Building on yesterday’s post, here are some more passages linking Tolkien’s youthful sense of responsibility that he and the TCBS were to help “rekindle an old light” of faith and “testify for God and Truth” in the world, and his literary representation of this same theme within his fiction. On the very final page of the Silmarillion, in the chapter “Of the Rings of Power and the Third Age,” Cirdan the Shipwright gives to Gandalf Narya, the Ring of Fire, telling him:
“Take now this Ring,” he said; “for thy labours and thy cares will be heavy, but in all it will support thee and defend thee from weariness. For this is the Ring of Fire, and herewith, maybe, thou shalt rekindle hearts to the valour of old in a world that grows chill.”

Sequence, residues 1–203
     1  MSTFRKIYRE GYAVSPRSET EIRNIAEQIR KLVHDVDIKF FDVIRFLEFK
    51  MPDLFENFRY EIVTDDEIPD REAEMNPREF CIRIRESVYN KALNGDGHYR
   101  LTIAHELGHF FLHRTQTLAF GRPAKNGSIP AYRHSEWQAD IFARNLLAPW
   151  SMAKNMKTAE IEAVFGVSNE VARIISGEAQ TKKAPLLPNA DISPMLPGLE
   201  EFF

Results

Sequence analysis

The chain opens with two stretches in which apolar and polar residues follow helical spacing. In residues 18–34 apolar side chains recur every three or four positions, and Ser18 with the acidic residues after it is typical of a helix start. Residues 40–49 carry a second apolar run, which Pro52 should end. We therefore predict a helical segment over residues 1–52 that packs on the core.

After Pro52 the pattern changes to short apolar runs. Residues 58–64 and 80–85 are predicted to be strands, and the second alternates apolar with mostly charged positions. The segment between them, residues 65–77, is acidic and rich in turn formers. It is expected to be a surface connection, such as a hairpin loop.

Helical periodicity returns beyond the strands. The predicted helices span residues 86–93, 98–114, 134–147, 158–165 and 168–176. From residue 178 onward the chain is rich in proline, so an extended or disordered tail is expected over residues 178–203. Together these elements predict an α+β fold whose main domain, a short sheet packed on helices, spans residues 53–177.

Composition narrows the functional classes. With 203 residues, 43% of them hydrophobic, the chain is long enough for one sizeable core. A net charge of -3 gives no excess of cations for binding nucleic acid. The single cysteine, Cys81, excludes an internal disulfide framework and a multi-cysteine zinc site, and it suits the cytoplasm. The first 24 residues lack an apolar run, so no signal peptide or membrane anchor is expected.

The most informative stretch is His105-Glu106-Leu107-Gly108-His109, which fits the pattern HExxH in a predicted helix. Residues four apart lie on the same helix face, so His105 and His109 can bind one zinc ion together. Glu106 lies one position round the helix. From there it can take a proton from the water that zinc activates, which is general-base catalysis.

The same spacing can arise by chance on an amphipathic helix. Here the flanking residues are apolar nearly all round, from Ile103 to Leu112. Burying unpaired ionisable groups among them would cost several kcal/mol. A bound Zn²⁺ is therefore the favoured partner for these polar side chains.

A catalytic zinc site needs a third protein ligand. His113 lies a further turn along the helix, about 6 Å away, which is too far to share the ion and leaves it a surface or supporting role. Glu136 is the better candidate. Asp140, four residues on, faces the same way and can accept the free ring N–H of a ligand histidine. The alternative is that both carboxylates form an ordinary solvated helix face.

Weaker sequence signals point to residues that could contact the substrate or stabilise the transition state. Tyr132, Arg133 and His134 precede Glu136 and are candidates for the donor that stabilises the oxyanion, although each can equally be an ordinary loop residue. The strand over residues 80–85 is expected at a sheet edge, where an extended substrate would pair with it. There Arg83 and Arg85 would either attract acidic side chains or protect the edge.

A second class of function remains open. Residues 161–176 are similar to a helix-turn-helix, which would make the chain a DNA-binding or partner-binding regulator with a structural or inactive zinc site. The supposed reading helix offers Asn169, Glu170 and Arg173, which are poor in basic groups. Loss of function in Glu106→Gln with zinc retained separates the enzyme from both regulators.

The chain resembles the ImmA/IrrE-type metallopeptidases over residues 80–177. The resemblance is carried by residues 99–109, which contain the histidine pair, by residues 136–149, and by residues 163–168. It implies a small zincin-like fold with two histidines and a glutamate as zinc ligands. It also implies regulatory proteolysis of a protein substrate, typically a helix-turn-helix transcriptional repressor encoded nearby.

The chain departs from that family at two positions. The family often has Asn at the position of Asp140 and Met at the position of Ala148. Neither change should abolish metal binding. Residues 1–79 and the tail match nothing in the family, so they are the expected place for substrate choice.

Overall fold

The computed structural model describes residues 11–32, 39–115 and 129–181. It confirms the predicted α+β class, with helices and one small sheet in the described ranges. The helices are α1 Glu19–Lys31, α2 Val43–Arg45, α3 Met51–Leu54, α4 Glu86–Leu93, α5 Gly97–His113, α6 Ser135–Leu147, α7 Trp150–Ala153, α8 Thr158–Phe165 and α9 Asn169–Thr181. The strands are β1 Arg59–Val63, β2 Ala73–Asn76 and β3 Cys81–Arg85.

Tolkien reiterates the association between Cirdan’s ring and Gandalf’s “kindling” mission in a letter in which he even implicates Gandalf’s fireworks in the symbolism, describing them as “part of the representation of Gandalf, bearer of the Ring of Fire, the Kindler” (Letters no. 301). The point I made in yesterday’s post was that the similar language used early by Tolkien to describe his literary ambitions, and later to describe Gandalf’s own policies in Middle-earth, reveal Tolkien to have been something of his own model and inspiration for what he means by being a “servant of the Secret Fire.” I’ve also commented before (“Gimli’s Silmaril, Gimli the Silmaril”) on how the Silmaril jewels themselves, in the way they take in the natural light of creation and refract it in many beautiful “hues,” are meant to symbolize both the sub-creative act and agent. Then there is Tolkien’s statement, in response to W.H. Auden’s review of the The Lord of the Rings, that the latter is “basically… about God, and His sole right to divine honour” (Letters no. 183), as well as his affirmation of one reader’s description of the work as “creat[ing] a world in which some sort of faith seems to be everywhere without a visible source, like light from an invisible lamp” (Letters no. 328). Finally, there is Tolkien’s further statement, though meant in a slightly different, though not unrelated sense, to the one I will be giving it presently, that The Lord of the Rings “is not ‘about’ anything but itself” (Letters no. 165). Stringing all of these points together, I think we are led to the interpretation of Cirdan’s ring, offered to Gandalf as a support and encouragement in “rekindl[ing] hearts to the valour of old in a world that grows chill,” as an image of the purpose behind Tolkien’s own literary “labours and cares.” What is Narya, the Ring of Fire? It is The Lord of the Rings.